Guitar – AKG C214

http://www.musicradar.com/reviews/tech/akg-c214-172209

This was chosen because it is a large diaphragm condenser mic, so is responsive to the dynamic subtleties as well as the louder dynamics of acoustic guitar without distortion, and has a wide frequency range from 20 to 20,000 Hz – well outside of the range of an acoustic guitar – the lowest note being bottom E at 82Hz, but still ensure all higher order harmonics are captured. It has a mainly broad cardiod polar pattern, so spill may be an issue, but was the best remaining mic available.

      *

 

Room – NT2A


This was chosen for the characteristics listed above and because they can suit what is required for a microphone that can capture a full range of frequencies for all instruments used simultaneously, as an option for mixing later, adding a natural room reverb to help affirm the actual recording space of the day. It has an omni directional mode so it captures sounds from all directions.

Portable Recording Kit  

To record to Logic on an Apple laptop via USB2, we used the Art Tubefire 8 multi input rack unit mixer for the XLR mic inputs. There is a review of this unit here:

http://www.soundonsound.com/sos/aug09/articles/arttubefire8.htm



photos courtesy of Leanne Wells

This mixer was chosen as it is a rackmount unit that is hand portable with 8 separate XLR inputs, so sufficient for all the instrument and room microphones required for this session. It has a USB2 connection so is easily attached to the laptop to enable real time recording straight to Logic 9. Independent headphone monitoring allows a reasonable mix to be obtained whilst recording if desired, and to check correct mic function such as level and bass response before the recording starts. The valve pre amps ensures warm, good quality analogue sound reproduction before digital conversion.  

Once the session was recorded and saved, the sound files and Logic Project were uploaded to Gdrive for all to access. These sound tracks were then previewed to decide what could be used to create a completely new separate project, or just mixed and augmented as desired by the student.   

Task 3

Using your multitrack recording from Task 2 you are going produce a remix of this track. Feel free to use additional material whilst similarly you don’t have to use all the multitrack recordings that were in your previous recordings, submitted as a CD quality (16bit 44.1khz) stereo file.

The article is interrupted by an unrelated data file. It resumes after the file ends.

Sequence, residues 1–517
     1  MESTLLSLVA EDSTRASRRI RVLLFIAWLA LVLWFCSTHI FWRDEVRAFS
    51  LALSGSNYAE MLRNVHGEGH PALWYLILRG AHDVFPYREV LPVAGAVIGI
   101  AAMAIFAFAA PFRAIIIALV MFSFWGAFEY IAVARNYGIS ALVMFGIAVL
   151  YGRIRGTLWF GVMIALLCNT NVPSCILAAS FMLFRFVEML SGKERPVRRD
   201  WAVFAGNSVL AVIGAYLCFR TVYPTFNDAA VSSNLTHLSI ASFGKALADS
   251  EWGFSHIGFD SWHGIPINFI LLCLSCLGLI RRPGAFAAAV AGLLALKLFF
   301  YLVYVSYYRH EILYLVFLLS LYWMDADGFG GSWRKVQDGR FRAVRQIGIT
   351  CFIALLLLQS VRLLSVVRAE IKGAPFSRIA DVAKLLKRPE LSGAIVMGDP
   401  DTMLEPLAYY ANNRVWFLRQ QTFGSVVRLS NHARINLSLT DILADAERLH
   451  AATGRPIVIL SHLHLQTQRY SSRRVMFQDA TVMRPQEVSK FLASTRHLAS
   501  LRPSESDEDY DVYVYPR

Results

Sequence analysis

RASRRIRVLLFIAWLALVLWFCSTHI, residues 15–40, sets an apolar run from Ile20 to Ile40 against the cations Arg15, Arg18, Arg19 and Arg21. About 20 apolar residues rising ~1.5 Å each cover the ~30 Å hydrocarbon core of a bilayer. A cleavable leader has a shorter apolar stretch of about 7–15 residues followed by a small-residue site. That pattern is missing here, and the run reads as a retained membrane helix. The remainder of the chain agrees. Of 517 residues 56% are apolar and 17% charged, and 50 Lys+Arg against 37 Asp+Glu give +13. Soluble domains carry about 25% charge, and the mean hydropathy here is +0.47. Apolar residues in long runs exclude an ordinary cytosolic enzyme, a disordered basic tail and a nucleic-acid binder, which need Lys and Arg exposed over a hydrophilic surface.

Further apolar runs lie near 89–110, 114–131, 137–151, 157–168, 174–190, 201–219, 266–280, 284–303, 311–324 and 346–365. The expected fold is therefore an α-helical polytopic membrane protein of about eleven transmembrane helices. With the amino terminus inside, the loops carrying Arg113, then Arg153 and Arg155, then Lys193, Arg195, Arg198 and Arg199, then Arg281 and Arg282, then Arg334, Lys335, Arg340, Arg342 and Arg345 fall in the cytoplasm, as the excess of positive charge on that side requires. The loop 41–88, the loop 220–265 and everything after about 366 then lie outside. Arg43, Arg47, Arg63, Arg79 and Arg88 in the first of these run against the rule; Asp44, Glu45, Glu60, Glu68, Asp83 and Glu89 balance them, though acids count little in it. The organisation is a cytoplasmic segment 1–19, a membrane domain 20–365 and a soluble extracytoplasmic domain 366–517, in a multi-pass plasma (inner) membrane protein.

Unit 48, outcome 4: Be able to mix and remix music recordings from different sources.

 

The MIX Project – Track 1

 

I used the solo flute sample from the first lecture theatre recordings we did. I found this easier to create a track based on a melody from within Ross Harris’ solo flute part, as there were no other instruments playing, so microphone spill was not an issue.

We used a Rode NTK condenser mic + valve pre amp for the flute, and positioned Ross in the top left corner of the Lecture Theatre as the the corners tested as pleasant ambient sound traps for overall frequencies for the instrument placed here, whilst maximising distance between other instruments to minimise spill:




photos courtesy of Leanne Wells

 

I dragged the whole sample into Fruity Loops DAW Playlist window, then made a copy of it on another track before I started cutting suitable sections to create the overall track.

 

FLS Playlist window:


 

I had a serendipitous moment because of the copy track, which was not quite at the start of bar one, but at the next beat, which when played together gave an automatic delay, which I liked.

I had the idea of using this effect with appropriate stereo panning, to be the focal centre of the music, and building the accompaniment around this.

I found a melody within the playing I liked for the intro, so cut this section out and experimented with different flute parts played together and panned opposite from each other. To do this in FLS you have to rename the copy track differently so it appears in the sequencer window as a separate track which can then be assigned to a separate Mixer track, and panned there.

 

FLS Sequencer and Mixer windows


 

I played a simple synth bass line using a synth plugin called Sytrus, of 2 patches – Deep and Deep2 – to double that MIDI track to thicken it, shown in the Piano Roll window below:

 

I added soft synth pad chords with a 3rd Sytrus patch – Above Clouds – with the first “ambient/trip hoppy” Mix in mind.